16 September 2018
Solomon Islands: Looking at the traditional role of chiefs and the need for greater youth interest in custom and culture
We read in the local newspapers last week the story told by journalists who had returned to Honiara after making a visit to Luaniua in the Ontong Java region of the remote Malaita Outer Islands (MOI).
The story they filed revealed how the House of Chiefs for Luaniua and Pelau was playing a key role in maintaining law and order despite there not being a police presence.
Quoting what the journalist were told by Trevis Kilatu the Chiefs continue to play the role of law enforcement and their role is key to maintaining the upkeep of the law at all times.
Trevis Kilatu reportedly told the journalists the House of Chiefs is highly respected in the two islands.
“Chiefs continue to play the role of the law enforcement agencies in the Ontong Java region of the Malaita Outer Islands (MOI).
“This is because the atoll does not have any police post or officers.” Mr Kilatu said.
I was very pleased to read of the work of the House of Chiefs and the work the Chiefs are continuing to do in order to enforce the law and maintain the peace in the MOI.
We have all read of the need for ‘transformational change’ and leadership in the media over several years and, indeed, I have contributed my own thoughts on both matters.
As leadership is also an essential element in the making of transitional change, I would like to use the example of what we have been told about the way traditional justice is still being exercised by Chiefs in the MOI to focus a little about the need for transformational change in examining the need to bring a shift in the way Solomon Islands traditional justice system has broken down and where leadership is needed to see a restoration of the greater role played by chiefs and elders at the village community level.
Since independence, customary or traditional law has not had a significant role in the progression or development of the Solomons modern legal system, despite it still being possibly the best way to provide for local, village level, social regulation, conflict management and, vitally, reconciliation for most communities.
I believe the Regional Assistance Mission to the Solomon Islands (RAMSI) had law reform on its agenda, but nothing seemed to change benefitting traditional law.
It seem to me that beyond that of the formal law and justice sectors, local demand for a reform in the law has been relatively weak. Why is this? Is it because the formal law system is of marginal interest and that the primary needs of rural, village people regard their customary or traditional laws best for their communities?
If my assumption is correct, then it brings me back to the question of leadership and leadership that I consider is needed to restore the authority of chiefs, elders and native or local court jurisdiction.
We might now consider the benefits that might inspire the leadership needed to recognize the importance of what I have written so far.
In the context of Solomon Islands existing national laws, based on introduced, adapted common law, customary law, over time has proven to be, with some exceptions, the main source of social regulation and conflict management and, yes, bring in here the ongoing concerns over of domestic and family violence.
Why, again? Well, in customary law there is always an emphasis on restorative justice in dealing with intra-community issues and the use of compensation reconciling parties to conflict and restoring social harmony. All very well, I hear, but how will this return to customary law put a stop to the blight of family violence? It will take time I have no doubt with the widespread problems associated with alcohol, in all forms, and now drug abuse in the form of cultivated marijuana.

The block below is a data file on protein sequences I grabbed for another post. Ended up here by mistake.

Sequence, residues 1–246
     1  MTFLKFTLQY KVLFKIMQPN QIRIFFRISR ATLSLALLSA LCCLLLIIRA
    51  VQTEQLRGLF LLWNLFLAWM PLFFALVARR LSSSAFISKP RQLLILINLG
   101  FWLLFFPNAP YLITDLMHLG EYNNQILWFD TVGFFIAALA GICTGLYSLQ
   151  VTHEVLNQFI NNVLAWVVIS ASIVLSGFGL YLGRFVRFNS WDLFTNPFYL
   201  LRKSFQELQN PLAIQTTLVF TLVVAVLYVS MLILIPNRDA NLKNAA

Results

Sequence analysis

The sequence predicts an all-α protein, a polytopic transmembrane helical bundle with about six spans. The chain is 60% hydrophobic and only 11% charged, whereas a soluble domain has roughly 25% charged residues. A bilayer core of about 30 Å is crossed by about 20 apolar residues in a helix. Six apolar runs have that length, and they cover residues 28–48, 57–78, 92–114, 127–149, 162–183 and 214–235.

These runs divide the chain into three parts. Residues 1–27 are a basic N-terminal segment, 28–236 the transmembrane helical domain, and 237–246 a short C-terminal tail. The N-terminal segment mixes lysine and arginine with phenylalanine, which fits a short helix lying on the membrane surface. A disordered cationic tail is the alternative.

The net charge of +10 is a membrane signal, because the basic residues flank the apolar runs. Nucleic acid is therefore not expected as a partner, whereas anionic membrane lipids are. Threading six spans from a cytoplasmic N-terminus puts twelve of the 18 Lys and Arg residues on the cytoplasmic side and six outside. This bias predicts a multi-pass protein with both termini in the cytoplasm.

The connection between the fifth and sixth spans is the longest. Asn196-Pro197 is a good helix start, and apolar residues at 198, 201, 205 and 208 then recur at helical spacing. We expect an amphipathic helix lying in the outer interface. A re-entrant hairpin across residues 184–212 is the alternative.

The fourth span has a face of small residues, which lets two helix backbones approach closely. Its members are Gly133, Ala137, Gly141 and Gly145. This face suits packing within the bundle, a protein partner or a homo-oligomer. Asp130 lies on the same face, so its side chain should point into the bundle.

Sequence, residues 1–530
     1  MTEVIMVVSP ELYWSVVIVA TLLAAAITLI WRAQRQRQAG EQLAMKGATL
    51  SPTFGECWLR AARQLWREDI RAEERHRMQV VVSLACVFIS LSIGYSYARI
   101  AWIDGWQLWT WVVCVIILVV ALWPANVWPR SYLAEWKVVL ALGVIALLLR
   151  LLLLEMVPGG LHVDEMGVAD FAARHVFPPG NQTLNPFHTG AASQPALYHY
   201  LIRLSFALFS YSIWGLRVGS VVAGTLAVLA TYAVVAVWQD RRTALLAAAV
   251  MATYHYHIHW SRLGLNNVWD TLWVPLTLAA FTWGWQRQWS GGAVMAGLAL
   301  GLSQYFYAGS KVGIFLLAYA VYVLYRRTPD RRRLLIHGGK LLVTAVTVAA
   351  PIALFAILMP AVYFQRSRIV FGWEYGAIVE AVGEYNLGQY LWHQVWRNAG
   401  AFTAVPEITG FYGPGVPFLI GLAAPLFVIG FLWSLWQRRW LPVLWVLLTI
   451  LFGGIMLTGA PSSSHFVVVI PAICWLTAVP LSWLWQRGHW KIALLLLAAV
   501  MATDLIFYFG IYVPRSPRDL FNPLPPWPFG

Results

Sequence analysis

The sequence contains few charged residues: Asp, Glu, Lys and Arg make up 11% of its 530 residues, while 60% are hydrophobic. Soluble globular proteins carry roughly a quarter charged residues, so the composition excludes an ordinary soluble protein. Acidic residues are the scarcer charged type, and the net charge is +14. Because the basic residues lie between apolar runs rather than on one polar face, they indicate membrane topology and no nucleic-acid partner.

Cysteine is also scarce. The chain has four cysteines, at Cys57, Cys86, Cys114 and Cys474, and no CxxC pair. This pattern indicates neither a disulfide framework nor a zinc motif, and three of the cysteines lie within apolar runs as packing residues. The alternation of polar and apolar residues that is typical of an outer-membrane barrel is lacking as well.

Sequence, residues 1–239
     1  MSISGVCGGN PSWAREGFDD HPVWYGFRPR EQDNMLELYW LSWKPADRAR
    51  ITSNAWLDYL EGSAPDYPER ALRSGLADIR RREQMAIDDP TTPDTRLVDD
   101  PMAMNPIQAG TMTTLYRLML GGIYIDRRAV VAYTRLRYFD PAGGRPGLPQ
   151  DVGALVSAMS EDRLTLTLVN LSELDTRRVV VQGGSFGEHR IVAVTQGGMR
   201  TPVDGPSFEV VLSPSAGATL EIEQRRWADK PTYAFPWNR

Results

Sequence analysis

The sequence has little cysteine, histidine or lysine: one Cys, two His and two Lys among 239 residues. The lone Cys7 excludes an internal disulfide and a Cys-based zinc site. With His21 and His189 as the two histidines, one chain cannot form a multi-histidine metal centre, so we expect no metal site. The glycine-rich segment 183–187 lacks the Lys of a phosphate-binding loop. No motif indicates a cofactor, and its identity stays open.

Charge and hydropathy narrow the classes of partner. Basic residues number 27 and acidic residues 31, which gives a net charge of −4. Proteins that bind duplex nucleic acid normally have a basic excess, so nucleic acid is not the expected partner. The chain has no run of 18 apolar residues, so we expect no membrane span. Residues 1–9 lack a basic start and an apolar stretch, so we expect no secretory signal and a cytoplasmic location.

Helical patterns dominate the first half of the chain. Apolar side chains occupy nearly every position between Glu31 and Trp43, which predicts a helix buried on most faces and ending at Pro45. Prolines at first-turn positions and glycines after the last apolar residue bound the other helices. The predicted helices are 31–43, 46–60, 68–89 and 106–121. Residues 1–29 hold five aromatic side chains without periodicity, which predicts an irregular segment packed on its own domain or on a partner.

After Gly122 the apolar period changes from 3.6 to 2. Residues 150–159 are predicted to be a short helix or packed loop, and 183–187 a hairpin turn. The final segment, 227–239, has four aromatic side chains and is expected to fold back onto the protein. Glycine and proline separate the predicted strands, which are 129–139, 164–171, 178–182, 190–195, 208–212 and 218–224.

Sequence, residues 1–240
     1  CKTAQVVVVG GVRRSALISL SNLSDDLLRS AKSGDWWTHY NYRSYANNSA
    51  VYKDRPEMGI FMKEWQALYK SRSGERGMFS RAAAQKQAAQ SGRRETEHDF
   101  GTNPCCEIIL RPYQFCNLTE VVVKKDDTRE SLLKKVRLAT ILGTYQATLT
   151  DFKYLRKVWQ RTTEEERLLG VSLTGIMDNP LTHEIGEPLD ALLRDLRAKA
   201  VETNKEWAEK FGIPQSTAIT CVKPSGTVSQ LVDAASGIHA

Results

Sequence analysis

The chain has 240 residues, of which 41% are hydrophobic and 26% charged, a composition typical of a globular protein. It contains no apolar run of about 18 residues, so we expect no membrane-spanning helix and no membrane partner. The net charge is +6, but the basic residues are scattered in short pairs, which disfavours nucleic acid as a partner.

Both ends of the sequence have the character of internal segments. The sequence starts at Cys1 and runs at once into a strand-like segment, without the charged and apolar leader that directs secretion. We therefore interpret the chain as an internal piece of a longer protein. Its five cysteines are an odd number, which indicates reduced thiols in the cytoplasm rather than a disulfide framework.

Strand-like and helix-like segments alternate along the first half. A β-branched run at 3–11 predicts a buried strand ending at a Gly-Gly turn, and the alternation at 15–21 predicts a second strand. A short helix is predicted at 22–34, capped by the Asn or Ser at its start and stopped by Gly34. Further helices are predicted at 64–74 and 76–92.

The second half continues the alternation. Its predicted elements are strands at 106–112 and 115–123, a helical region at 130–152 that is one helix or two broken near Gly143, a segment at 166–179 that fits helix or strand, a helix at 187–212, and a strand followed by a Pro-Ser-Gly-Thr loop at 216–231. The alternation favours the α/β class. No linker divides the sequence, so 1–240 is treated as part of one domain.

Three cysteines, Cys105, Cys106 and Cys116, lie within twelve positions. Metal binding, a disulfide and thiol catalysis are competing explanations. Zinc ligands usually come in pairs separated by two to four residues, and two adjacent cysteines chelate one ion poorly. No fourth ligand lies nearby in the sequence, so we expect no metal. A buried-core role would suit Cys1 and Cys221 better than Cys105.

Firstly, tribal leaders must be given the authority and respect they deserve to exercise authority and to demonstrate their community leadership. What would we see as benefits? Examples I hope would be:
Problems to be resolved would likely be viewed as relating to the whole community rather than to a small number of individuals. Resolution would lead to collective - rather than individual interests;
Decisions to be made would most likely be based on a process of consultation;
There would be added emphasis on reconciliation and restorative justice;
The would be evidential and procedural informality and flexibility;
Consensual decision-making and
Enforcement through social pressure rather than coercion.
In my attempt to link ‘leadership’ with a return to the recognition of a functioning traditional justice system, I hope that I will have succeeded, in some way, to convince those international Agencies now determined to tackle the social ills of our domestic and family violence and who are willing and able to put money where it matters, to give thought to how our chiefs and elders, given a restoration of their authority and pride, can be leaders at the forefront of the national challenges we face today.
“In 1984 the Isabel Provincial Assembly passed a Council of Chiefs Resolution to recognize a Council of Chiefs and empower it "with respect to matters of tradition and custom." What do such matters consist of? The first two of ten points listed were: (1) power to settle disputes in customary law and (2) customary land, reefs, and sea.
“Importantly, among several other duties listed was the need to “reviving and promoting traditions and customs," "improving communication between elders and young people," and "taking an active involvement in the setting of land boundaries and the settlement of land disputes."
Source: ‘The Politics of Tradition (G White, June 1991}
Today, there is an obvious and very important need for"reviving and promoting traditions” which requires that young people take an interest in local culture. In particular, in the knowledge of local history and ancestry.